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Long Island

LI congressional delegation sets key local priorities 

They include reinstating full state and local tax deductions for federal taxes and restoring the Northport VA.

Rep. Peter King, Rep. Kathleen Rice, Rep. Thomas

Rep. Peter King, Rep. Kathleen Rice, Rep. Thomas Suozzi and Rep. Lee Zeldin. Photo Credit: Danielle Silverman; Thomas A. Ferrara; Barry Sloan

WASHINGTON — As a new Congress begins Thursday, the Long Island delegation said its key local priorities include reinstating full state and local tax deductions for federal taxes, permanently funding the 9/11 Victim Compensation Fund and restoring the Northport VA Medical Center.

Other priorities include funding for infrastructure, including the Gateway project, protecting Homeland Security grants for Long Island and New York, and increasing funding for Long Island Sound and other initiatives, the lawmakers said in interviews or statements.

That unity on those local issues will continue as Democratic Reps. Kathleen Rice of Garden City and Tom Suozzi of Glen Cove move into the majority and Republican Reps. Peter King of Seaford and Lee Zeldin of Shirley shift to the minority with little clout in the majority-rules House.

“No one has absolute power. No one is without power. And it’s important for all of us, whether you are Republican or Democrat, to find ways to win victories for our mutual constituents,” Zeldin said.

But the four lawmakers also will hew to the party-line division on many national issues, such as the border wall and the Democratic bill to end the partial shutdown of the government as well as the Democratic packages on campaign finance, ethics and health care.

King raised a concern about the increasing number of partisans on the right in his party and on the left in the Democratic Party. Winning approval of his priorities “may be a little more difficult” because fewer Democrats are moderates, he said.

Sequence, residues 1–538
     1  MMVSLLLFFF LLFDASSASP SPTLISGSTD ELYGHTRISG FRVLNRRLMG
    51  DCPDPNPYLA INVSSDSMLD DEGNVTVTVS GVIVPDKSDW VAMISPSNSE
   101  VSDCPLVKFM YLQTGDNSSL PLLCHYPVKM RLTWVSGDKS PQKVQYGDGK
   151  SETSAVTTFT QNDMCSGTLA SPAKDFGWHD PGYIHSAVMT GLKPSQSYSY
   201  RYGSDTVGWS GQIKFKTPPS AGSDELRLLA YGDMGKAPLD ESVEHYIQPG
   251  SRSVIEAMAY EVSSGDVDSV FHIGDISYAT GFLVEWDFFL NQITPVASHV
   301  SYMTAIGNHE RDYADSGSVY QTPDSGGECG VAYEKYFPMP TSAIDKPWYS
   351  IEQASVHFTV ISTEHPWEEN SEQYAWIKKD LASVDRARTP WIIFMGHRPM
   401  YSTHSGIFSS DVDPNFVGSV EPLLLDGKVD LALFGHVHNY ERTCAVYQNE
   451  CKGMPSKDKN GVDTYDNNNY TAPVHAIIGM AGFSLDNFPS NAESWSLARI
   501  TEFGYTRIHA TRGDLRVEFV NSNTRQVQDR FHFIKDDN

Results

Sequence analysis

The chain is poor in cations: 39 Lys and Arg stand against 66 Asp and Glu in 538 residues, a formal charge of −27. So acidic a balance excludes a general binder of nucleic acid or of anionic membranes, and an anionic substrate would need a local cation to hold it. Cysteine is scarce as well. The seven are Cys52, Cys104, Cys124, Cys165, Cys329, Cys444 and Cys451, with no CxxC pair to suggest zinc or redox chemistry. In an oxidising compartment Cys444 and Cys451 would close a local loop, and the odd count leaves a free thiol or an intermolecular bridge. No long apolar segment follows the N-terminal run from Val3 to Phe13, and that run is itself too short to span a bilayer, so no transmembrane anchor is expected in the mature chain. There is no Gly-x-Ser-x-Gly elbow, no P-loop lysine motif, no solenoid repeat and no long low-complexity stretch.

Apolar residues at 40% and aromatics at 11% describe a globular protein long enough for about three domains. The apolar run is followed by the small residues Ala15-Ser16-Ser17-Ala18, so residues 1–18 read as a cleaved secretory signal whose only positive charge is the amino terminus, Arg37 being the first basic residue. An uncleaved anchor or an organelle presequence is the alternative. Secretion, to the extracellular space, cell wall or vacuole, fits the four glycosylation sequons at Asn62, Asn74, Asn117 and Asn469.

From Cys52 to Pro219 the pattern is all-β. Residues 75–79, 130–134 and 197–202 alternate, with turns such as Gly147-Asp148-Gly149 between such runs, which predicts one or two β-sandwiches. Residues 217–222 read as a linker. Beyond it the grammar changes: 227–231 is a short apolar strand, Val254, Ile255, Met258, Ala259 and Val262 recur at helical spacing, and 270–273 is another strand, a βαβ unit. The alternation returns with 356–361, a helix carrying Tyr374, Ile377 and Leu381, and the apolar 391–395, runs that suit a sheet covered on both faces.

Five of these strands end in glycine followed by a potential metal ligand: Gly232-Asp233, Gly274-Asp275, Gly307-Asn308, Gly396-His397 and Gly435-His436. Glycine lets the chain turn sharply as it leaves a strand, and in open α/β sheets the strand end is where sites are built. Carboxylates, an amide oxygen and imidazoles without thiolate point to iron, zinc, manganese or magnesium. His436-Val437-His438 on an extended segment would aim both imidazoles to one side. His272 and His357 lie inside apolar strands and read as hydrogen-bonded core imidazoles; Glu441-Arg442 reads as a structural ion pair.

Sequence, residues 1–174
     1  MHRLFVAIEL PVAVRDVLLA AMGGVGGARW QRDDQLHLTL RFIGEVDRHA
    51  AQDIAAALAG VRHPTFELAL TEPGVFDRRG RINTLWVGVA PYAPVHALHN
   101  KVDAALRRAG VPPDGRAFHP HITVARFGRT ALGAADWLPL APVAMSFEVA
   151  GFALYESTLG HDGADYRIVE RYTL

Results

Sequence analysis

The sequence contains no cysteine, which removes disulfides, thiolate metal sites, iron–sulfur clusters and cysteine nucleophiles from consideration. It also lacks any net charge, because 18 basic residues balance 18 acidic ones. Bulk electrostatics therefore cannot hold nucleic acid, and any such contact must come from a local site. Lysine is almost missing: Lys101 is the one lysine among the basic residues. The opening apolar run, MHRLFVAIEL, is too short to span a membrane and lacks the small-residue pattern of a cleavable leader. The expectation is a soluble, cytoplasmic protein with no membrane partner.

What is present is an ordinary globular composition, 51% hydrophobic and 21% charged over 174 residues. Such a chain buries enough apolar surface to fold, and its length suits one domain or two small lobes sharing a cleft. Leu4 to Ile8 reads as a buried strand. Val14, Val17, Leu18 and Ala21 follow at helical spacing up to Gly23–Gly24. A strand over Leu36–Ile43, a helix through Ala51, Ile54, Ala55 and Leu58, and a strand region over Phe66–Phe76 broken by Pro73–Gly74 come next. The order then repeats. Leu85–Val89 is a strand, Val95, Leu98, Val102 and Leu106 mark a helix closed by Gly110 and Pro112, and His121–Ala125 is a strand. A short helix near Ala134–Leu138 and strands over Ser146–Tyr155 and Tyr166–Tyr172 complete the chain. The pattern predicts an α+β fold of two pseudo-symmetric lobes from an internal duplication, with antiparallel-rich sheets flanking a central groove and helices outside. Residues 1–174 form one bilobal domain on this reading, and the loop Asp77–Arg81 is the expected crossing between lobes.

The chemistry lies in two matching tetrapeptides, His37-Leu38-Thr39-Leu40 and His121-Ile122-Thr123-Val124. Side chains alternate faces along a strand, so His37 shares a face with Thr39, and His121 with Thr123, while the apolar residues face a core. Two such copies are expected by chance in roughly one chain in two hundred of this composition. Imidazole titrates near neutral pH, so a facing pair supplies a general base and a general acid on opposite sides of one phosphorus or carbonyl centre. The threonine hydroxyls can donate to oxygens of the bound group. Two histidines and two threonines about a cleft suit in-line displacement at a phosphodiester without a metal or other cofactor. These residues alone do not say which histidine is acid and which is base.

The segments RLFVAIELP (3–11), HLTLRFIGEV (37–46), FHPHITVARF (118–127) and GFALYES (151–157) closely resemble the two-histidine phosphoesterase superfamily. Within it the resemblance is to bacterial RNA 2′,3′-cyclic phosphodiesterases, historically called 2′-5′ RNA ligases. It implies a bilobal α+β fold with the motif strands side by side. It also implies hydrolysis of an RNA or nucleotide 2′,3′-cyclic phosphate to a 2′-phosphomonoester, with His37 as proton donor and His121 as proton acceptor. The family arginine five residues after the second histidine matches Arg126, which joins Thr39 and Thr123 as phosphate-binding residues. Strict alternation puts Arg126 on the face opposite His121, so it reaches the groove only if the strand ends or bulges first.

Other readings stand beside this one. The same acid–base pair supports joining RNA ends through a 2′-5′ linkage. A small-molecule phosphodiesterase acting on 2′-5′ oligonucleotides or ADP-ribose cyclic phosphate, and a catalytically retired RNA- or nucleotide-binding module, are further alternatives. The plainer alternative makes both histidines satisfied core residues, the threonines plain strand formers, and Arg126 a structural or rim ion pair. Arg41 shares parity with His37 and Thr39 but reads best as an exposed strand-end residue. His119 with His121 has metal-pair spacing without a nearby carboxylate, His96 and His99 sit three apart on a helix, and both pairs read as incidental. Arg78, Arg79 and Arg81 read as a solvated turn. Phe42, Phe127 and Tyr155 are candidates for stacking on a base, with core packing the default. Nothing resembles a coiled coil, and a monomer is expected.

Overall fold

He warned that restoring the full  state and local income and property taxes (SALT)  deduction could face opposition both from the right and the left in the House. And even if the House were to pass a SALT bill, it might not even be brought up for consideration by Senate Majority Leader Mitch McConnell (R-Ky.).

King, who has been through more years as a member of the majority than the minority, said he will work with Democrats such as Rep. Nita Lowey (D-Westchester), incoming chair of the Appropriations Committee, on funding for Homeland Security and the Gateway project.

King spoke of the need to reauthorize the terrorism risk insurance program, and he and Zeldin said they would work to reauthorize and fix the flood insurance program.

Suozzi and Rice also said they will push for comprehensive immigration changes, including legalizing “Dreamers” brought here illegally as children, and gun safety legislation, such as tightening background checks, and campaign finance and voting bills.

All agreed, however, that their highest priority is to end the partial federal government shutdown, which began at midnight on Dec. 22.

“This is a real test for the president and for the Democrats — for all of us in government,” said Suozzi.

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